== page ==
Volatile composition and classification of Lilium flower aroma types and identification, polymorphisms, and alternative splicing of their monoterpene synthase genes

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Lily is a well-known ornamental plant with a diversity of fragrant types. Basic information on lily floral scent compounds has been obtained for only a few accessions, and little is known about Lilium aroma types, the terpene synthase genes that may play roles in the production of key volatiles, or the range of monoterpenes that these genes produce. In this study, 41 cultivars were analyzed for volatile emissions, and a total of 46 individual volatile compounds were identified, 16 for the first time in lilies. Lily accessions were classified into six groups according to the composition of major scent components: faint-scented, cool, fruity, musky, fruity-honey, and lily. Monoterpenes were one of the main groups of volatiles identified, and attention was focused on terpene synthase (TPS) genes, which encode enzymes that catalyze the last steps in monoterpene synthesis. Thirty-two candidate monoterpene synthase cDNAs were obtained from 66 lily cultivars, and 64 SNPs were identified. Two InDels were also shown to result from variable splicing, and sequence analysis suggested that different transcripts arose from the same gene. All identified nucleotide substitution sites were highly correlated with the amounts of myrcene emitted, and InDel site 230 was highly correlated with the emission of all major monoterpenoid components, especially (E)-β-ocimene. Heterologous expression of five cDNAs cloned from faint-scented and strong-scented lilies showed that their corresponding enzymes could convert geranyl diphosphate to (E)-β-ocimene, α-pinene, and limonene. The findings from this study provide a major resource for the assessment of lily scent volatiles and will be helpful in breeding of improved volatile components.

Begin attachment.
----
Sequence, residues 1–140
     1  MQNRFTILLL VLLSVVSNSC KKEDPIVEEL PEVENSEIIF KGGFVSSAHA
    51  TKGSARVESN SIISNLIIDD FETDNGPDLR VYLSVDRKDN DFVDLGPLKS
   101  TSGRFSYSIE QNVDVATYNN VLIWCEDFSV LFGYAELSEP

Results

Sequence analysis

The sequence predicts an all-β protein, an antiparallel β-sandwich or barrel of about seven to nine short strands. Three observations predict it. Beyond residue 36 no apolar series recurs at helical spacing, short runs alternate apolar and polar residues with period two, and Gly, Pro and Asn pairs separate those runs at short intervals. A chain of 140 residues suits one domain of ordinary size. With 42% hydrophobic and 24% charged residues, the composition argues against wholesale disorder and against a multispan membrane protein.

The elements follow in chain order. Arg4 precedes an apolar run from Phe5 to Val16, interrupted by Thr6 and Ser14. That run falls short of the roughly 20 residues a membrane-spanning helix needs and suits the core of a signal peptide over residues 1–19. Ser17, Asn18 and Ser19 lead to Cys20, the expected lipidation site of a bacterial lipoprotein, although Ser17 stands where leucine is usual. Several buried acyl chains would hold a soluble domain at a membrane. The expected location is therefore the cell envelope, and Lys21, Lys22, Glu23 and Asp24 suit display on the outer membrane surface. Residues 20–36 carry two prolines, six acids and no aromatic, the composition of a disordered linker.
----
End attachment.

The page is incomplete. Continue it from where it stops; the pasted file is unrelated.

Floral scents have attracted the attention of people from ancient times; they are widely used in perfumes, food flavorings, and cosmetics, and in addition to flower color, they form the basis of important commercial traits of ornamental plants. However, fragrance has often been overlooked in breeding, and many fragrance traits have been lost over time due to artificial selection1. Detailed molecular genetic analysis can ameliorate some drawbacks of classical plant breeding1 and has been utilized in plants such as petunia and snapdragon, which have been used as models for investigating the synthesis and regulation of fragrance2. To facilitate the genetic improvement of fragrance, either by genetic engineering or marker-assisted breeding, basic qualitative and quantitative information on floral fragrance composition and quality and expression of related genes is required. Floral volatile profiling has been carried out with many scented flowering plants, and abundant volatiles have been identified, including terpenoids, phenylpropanoids/benzenoids, and fatty acids in Osmanthus3, Dianthus4, Syringa5, Polianthes tuberosa6, Rosa7, orchids8, freesia9, and Pelargonium10. There is great variation in odor strength, even within one species, and plants have been divided into groups according to the sensory characteristics of their fragrance. Roses were the first flowers to be classified based on their scent compounds. There are seven recognized rose fragrances: rose, nasturtium, orris, violet, apple, lemon, and clove, according to Le Grice11,12, which has led to the breeding of modern roses for fragrance and contributed to the appeal of rose scents in flower markets13. Similar classification of flower aromas has also been conducted in other ornamental plants to encourage additional efforts to breed fragrant plants to increase their market value. Dianthus fragrances were divided into four groups based on their scent characteristics, medicinal fragrance, citrus-like, green leafy odor, and nonscented4 and tulip cultivars into nine groups: anise, citrus, fruity, green, herbal, herbal-honey, rosy, spicy, and woody13.